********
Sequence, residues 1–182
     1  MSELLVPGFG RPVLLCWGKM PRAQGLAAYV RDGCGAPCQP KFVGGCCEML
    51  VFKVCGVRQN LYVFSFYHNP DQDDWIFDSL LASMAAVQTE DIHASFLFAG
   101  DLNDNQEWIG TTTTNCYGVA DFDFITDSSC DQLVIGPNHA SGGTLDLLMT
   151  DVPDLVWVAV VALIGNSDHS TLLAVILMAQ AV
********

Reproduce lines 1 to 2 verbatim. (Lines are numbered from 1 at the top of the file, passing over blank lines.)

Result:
Sequence, residues 1–182
     1  MSELLVPGFG RPVLLCWGKM PRAQGLAAYV RDGCGAPCQP KFVGGCCEML